New Porsche Cayenne sheds weight, gains power
New SUV is even closer to its roots as a Porsche sports car, writes Roger Houghton
Seldom does an outsider, such as a journalist, get the opportunity to follow the gestation of a new vehicle through three important stages of its development programme. I had such an opportunity with the just-released 2018 Porsche Cayenne large SUV, the most popular model in the brand’s growing range in SA, with a 41% share.
A year ago, I was part of a small group of journalists who attended a Porsche technology conference linked to the upcoming Cayenne in Düsseldorf, Germany. This was followed, in January, by attendance at the global launch of this third generation Cayenne in the UAE emirate of Fujairah and Oman. Finally, last week, I got to drive three derivatives of the new model — Cayenne, Cayenne S and Cayenne Turbo — at a launch route in the Western Cape.
Cold and wet weather in the Cape, together with strong wind, were not really detractors but widened the experience of driving these all-wheel drive models.
Once out of the interminable traffic jams around Cape Town the route took us through swooping bends and famous mountain passes on the way to the lunch stop at De Kelders and then we tackled the switchback that is the Houwhoek Pass on the way back to Porsche Centre in Cape Town.
The Cayenne certainly did not disappoint, and the overriding impression was one of togetherness with the car when at the wheel and the general driving comfort over a variety of road surfaces. The smoothness of the ride certainly belied the sporty prowess of these popular SUVs.
My first impressions of the Cayenne, last September, came in three models driven by professional drivers at the ADAC driver training facility in Grevenbroich, near Düsseldorf. These drives were short, but impressive. They involved climbing a steep gradient, tackling rugged terrain and a high-speed finale on a wet road in the Turbo model.
The completely redeveloped 2018 Cayenne is even closer to its roots as a Porsche sports car than previously, with significant increases in all aspects of performance.
Porsche designers and engineers have managed to keep a tight hold on costs, as the technology in the Cayenne has advanced rapidly while the number of features has also increased. It is, therefore, a major achievement that this premium model range retains its value-for-money reputation for buyers along with its ability to retain value in the pre-owned market.
Prices range from R1,142,000 for the Cayenne to R1,296,000 for the Cayenne S and R2,158,000 for the Turbo. A Cayenne petrol-electric E-Hybrid will be available later for R1,690,000, while there is still no date for diesel-engined derivatives.
The third generation Cayenne is a new development. It is lighter — due to the use of more aluminium — and more powerful, combining traditional Porsche performance with everyday practicality and a high level of safety for the occupants.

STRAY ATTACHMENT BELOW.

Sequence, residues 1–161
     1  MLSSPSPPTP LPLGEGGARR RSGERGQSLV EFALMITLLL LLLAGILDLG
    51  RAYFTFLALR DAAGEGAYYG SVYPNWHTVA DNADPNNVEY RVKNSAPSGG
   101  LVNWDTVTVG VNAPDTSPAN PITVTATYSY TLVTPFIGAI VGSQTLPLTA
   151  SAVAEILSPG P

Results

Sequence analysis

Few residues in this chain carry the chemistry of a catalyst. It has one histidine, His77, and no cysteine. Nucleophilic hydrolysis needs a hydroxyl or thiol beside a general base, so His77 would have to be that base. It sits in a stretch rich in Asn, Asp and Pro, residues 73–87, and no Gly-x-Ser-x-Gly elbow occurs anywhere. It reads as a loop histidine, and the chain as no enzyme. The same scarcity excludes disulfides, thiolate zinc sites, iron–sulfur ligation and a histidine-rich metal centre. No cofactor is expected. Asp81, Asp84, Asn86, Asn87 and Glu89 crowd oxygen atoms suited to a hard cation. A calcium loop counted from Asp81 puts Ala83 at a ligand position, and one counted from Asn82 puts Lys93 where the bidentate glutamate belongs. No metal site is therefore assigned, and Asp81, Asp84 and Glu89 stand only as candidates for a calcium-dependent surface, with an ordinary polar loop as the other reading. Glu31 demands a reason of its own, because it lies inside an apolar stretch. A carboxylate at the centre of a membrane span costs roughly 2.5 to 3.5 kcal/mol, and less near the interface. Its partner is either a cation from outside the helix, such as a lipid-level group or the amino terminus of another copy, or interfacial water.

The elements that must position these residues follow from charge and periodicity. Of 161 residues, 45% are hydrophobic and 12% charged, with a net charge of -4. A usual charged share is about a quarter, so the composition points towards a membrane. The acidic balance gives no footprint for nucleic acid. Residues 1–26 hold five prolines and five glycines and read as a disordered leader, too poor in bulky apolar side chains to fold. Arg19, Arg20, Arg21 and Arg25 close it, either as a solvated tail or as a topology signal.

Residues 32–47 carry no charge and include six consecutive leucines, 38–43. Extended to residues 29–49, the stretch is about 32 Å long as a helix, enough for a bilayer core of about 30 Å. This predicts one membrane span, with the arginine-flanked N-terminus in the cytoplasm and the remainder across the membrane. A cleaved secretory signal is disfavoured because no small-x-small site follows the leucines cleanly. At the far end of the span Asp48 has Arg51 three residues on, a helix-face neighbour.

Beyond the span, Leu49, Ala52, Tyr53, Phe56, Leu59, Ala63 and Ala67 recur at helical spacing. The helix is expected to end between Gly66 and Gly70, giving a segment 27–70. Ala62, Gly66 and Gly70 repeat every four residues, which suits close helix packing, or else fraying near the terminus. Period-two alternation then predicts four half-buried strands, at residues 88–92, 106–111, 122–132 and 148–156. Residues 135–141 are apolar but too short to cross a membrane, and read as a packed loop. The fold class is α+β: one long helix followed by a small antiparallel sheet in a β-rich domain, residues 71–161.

There are powerful turbocharged petrol engines and a new, eight-speed Tiptronic S gearbox with permanent all-wheel drive, as well as new chassis systems, in all models.
The Cayenne is fitted with a new 3l V6 engine developing 250kW, which is 29kW more than the previous model. The 2.9l V6 biturbo engine in the Cayenne S develops 324kW, which is an increase of 15kW and enables it to reach speeds up to 265km/h. The latest Cayenne Turbo is fitted with a 4l V8 biturbo engine delivering 404kW, which is 22kW up on its predecessor and permits it to accelerate from zero to 100km/h in 4.1 seconds, and on to a top speed of 286km/h.
The appearance of the Cayenne has been changed gradually to bring it even closer to the Porsche DNA. The latest model is slightly longer and lower, which gives the car a sleeker silhouette, while the luggage compartment volume has been increased by 100l to 700l capacity. The wheels are 25mm larger in diameter with wider tyres on the rear axle for the first time. The enlarged air intakes at the front give a clear indication of improved performance.
The new, slick-shifting eight-speed Tiptronic S gearbox contributes markedly to the improved performance with shorter shift response times and sportier ratios in the lower gears which not only enhance on-road performance but also contribute to improved off-road ability. At the other end of the spectrum, the high gearing in the eighth ratio optimises fuel economy and relaxed driving.
The Cayenne has certainly done wonders in growing Porsche’s range and sales volume since the sports car firm rocked the establishment by launching its first SUV in 2002.
However, since then there have been a plethora of SUV models from other premium niche brands such as Lamborghini, Rolls-Royce, Jaguar, and Bentley, joining a space which has long included derivatives from BMW, Mercedes-Benz, Lexus, Infiniti, Audi, and Range Rover. Even Ferrari is set to join the fray, while Geely, the Chinese owner of the British sports car brand Lotus, is considering a Lotus SUV.
The new Cayenne must be a favourite for the 2019 South African Car of the Year title.